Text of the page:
9. The Mask of Fu Manchu (1932, d. Charles Brabin) – A team of archaeologists are on a quest to unearth an ancient relic before a fiendish villain can find it first, harness its power and rule the world. You think Steven Spielberg and George Lucas were aware of this horror/adventure flick? Clearly one of many inspirations for Raiders of the Lost Ark, the big surprise is that Brabin’s movie still works wonderfully on its own terms. Boris Karloff plays the evil Chinese genius with no shortage of cultural insensitivity, but, um… you’ll love it if you’re not Chinese?
10. Red Dust (1932, d. Victor Fleming, Howard Hawks) – I was going to recommend Raoul Walsh’s The Yellow Ticket here, but this overheated, oversexed Victor Fleming picture is much more fun (if equally unavailable – sorry, but that’s the problem with these great pre-code titles). Clark Gable plays a rubber plantation owner in Indochina who’s content to bed down with Jean Harlow, a prostitute on the run from the law, until the married Mary Astor comes along. The eroticism on display in this flick shames the oeuvre of Zalman King. This should be available on DVD soon, but you won’t regret shelling out eight bucks for a decent VHS copy.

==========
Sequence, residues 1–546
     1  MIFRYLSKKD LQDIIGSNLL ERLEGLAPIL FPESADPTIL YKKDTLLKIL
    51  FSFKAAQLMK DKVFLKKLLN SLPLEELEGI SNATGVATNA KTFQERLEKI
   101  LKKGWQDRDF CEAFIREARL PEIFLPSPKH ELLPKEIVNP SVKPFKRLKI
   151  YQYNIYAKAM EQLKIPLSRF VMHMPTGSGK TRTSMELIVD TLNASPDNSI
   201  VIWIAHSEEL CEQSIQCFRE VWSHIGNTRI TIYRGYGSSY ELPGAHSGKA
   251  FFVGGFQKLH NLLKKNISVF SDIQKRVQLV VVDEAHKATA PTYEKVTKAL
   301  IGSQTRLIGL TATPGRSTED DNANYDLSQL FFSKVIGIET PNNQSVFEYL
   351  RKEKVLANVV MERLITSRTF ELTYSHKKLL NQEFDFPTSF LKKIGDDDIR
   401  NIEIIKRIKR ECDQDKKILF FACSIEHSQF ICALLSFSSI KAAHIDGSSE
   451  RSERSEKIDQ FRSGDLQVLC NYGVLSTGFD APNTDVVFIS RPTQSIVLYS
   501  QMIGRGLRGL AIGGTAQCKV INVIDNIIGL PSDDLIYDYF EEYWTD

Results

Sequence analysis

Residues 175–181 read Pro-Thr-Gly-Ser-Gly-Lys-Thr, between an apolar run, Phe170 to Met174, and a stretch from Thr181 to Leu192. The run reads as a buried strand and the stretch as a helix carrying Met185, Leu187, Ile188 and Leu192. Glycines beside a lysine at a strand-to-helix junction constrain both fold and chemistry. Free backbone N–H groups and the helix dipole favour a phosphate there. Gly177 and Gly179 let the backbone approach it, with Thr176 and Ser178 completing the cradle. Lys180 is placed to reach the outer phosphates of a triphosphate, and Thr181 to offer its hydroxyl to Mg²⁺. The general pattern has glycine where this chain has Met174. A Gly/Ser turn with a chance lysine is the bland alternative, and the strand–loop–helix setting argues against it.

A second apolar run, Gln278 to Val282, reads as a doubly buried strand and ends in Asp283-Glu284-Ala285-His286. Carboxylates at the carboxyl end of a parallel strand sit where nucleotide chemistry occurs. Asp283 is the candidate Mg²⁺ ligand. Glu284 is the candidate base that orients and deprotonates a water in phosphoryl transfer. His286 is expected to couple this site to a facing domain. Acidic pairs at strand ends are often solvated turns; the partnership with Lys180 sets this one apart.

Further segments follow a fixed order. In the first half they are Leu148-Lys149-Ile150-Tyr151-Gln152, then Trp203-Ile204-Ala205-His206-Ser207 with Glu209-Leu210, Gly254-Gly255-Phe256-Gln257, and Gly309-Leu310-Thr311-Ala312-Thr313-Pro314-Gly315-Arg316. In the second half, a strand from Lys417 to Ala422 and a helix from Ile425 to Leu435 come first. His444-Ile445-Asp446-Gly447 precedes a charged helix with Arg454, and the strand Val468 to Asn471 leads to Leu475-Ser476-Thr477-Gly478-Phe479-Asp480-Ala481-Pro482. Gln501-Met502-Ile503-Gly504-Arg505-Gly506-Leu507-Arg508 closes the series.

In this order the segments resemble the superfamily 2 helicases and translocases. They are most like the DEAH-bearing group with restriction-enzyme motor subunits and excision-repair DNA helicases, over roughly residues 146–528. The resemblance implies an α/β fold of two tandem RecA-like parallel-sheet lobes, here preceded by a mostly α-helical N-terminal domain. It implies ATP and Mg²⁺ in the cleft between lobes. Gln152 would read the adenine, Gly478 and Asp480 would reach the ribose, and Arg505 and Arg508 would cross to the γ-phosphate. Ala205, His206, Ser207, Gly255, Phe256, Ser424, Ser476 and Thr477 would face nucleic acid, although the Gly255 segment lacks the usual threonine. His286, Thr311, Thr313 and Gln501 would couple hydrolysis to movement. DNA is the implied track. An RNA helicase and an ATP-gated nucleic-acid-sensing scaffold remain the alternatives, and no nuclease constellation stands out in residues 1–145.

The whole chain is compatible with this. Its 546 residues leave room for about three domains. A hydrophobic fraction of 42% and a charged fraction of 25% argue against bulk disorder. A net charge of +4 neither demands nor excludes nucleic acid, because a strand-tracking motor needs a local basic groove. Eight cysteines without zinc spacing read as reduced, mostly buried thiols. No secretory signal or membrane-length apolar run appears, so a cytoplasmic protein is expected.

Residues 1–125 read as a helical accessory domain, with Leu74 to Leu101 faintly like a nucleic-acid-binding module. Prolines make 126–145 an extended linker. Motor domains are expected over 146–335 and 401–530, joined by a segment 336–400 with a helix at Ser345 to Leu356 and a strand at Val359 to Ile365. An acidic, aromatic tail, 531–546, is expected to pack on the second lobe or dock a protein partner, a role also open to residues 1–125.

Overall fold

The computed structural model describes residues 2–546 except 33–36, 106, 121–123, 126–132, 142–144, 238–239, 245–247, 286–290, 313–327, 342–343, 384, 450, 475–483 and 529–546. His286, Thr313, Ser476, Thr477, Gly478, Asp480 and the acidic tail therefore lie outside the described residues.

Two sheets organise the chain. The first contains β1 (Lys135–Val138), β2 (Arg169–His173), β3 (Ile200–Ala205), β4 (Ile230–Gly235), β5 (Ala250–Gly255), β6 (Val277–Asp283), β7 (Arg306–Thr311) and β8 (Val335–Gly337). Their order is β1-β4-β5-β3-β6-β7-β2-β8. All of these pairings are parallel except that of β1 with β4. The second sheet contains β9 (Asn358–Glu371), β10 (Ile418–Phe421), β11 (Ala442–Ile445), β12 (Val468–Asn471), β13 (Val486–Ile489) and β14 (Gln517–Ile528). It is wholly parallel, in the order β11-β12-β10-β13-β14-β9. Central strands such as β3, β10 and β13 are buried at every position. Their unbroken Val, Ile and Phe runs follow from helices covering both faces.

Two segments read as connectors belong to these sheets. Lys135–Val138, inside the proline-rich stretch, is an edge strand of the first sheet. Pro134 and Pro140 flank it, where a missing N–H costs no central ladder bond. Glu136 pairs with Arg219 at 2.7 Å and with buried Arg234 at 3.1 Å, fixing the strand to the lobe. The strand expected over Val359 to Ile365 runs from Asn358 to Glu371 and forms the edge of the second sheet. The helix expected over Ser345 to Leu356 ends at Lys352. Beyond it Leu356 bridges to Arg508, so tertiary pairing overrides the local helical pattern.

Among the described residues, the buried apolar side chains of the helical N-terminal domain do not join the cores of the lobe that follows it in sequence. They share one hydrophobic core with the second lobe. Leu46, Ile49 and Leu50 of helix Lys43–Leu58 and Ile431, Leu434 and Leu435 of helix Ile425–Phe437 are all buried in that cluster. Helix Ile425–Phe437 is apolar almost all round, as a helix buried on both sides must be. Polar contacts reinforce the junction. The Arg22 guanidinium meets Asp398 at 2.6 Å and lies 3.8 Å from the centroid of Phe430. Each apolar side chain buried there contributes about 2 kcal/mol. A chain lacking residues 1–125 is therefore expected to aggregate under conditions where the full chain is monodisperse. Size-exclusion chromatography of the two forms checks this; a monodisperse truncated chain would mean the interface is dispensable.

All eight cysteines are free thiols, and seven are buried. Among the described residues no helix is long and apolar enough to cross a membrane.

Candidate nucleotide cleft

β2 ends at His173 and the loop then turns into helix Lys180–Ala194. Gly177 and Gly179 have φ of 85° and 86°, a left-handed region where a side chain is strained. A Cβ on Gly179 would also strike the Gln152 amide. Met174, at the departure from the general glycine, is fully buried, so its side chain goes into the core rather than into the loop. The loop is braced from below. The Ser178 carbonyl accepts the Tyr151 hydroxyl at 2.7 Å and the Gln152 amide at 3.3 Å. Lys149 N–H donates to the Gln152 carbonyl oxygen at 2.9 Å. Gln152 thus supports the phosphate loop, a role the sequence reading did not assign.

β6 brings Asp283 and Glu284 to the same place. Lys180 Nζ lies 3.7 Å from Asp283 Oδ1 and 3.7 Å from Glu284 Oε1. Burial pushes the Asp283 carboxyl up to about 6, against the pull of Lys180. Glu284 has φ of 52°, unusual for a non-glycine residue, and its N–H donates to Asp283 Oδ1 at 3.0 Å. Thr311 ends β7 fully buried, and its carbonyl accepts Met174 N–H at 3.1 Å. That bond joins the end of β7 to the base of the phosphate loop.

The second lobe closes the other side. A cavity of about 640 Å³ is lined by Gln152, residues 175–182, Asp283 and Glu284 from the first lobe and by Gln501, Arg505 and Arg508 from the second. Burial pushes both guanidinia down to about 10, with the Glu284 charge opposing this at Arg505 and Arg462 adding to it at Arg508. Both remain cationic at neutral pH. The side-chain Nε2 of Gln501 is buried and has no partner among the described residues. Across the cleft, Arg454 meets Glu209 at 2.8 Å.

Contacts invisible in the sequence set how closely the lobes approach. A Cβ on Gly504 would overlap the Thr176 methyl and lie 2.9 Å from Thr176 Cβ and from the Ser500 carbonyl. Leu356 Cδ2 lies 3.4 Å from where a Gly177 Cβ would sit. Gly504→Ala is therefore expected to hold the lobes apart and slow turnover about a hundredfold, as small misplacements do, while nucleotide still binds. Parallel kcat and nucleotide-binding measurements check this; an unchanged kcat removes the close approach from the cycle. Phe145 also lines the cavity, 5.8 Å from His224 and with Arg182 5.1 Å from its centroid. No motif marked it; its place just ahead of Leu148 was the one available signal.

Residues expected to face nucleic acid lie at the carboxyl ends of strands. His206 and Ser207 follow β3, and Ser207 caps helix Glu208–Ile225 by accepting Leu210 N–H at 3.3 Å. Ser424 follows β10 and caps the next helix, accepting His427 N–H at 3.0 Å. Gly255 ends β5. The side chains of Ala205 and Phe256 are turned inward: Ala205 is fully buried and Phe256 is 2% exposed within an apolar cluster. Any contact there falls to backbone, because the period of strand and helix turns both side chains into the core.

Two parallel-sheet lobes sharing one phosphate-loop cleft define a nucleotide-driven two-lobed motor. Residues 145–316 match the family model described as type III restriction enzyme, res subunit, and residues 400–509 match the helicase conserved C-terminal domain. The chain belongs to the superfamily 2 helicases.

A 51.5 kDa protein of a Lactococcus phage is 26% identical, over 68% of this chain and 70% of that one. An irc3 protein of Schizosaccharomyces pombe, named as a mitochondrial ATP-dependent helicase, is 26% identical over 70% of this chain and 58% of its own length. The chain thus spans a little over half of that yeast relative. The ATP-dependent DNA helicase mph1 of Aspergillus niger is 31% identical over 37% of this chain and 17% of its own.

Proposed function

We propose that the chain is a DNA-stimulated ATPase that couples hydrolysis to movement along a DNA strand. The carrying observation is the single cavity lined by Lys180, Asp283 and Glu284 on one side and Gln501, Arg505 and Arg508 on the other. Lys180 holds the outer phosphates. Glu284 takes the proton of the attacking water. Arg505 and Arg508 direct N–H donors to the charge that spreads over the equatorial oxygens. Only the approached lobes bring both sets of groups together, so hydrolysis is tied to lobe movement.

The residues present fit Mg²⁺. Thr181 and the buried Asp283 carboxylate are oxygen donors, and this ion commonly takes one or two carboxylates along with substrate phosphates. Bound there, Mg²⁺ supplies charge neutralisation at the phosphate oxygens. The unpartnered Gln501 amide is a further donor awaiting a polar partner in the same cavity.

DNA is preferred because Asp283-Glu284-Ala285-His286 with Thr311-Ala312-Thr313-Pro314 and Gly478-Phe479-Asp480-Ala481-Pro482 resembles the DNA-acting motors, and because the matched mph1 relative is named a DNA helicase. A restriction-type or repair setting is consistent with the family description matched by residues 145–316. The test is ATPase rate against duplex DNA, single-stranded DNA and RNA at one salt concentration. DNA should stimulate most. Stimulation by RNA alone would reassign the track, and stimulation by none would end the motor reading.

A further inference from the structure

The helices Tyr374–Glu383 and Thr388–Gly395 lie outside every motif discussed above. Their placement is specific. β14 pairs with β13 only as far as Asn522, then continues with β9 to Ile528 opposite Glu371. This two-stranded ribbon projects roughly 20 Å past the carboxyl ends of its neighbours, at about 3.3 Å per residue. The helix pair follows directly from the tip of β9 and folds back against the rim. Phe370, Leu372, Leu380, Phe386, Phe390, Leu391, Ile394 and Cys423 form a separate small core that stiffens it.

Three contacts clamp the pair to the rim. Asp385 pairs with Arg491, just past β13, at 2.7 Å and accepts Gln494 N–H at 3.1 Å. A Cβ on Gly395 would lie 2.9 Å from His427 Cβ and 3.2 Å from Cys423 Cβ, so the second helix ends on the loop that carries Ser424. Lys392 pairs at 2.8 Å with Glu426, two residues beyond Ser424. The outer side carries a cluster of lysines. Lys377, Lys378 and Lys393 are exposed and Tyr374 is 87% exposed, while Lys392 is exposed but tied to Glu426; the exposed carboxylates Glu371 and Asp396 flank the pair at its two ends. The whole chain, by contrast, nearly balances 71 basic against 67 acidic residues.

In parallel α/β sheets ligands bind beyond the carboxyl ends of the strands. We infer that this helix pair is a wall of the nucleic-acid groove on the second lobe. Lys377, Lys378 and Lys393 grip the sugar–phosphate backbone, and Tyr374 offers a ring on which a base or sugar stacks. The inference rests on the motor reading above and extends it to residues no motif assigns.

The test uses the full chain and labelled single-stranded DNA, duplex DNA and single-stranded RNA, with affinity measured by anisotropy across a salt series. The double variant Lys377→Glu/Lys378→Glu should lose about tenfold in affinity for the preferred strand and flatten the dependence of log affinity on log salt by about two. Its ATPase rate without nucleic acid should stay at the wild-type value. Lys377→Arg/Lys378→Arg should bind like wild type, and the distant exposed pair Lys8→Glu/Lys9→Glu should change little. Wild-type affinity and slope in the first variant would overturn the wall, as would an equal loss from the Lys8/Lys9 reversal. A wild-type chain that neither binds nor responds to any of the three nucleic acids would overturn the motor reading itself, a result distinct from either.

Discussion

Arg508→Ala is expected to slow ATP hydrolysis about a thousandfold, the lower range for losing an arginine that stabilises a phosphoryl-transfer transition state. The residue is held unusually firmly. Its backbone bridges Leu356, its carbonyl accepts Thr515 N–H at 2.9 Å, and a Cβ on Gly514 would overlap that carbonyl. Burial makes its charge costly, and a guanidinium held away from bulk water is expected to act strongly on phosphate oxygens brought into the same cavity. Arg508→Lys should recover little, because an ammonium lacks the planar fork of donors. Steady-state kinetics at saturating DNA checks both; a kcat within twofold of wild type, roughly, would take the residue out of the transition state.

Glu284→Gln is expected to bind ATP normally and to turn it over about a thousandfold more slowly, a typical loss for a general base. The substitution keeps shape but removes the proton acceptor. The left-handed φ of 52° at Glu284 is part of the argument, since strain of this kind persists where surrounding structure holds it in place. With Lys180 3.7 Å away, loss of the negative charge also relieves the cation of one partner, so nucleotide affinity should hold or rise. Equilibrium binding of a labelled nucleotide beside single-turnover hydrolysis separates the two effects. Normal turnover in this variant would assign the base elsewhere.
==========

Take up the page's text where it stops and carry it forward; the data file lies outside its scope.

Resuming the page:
Further Viewing: Morocco (1930, d. von Sternberg), Dishonored (1931, d. von Sternberg), Shanghai Express (1932 d. von Sternberg), Man’s Castle (1933, d. Borzage), Girls About Town (1931, d. George Cukor), Waterloo Bridge (1931, d. James Whale), The Yellow Ticket (1931, d. Raoul Walsh)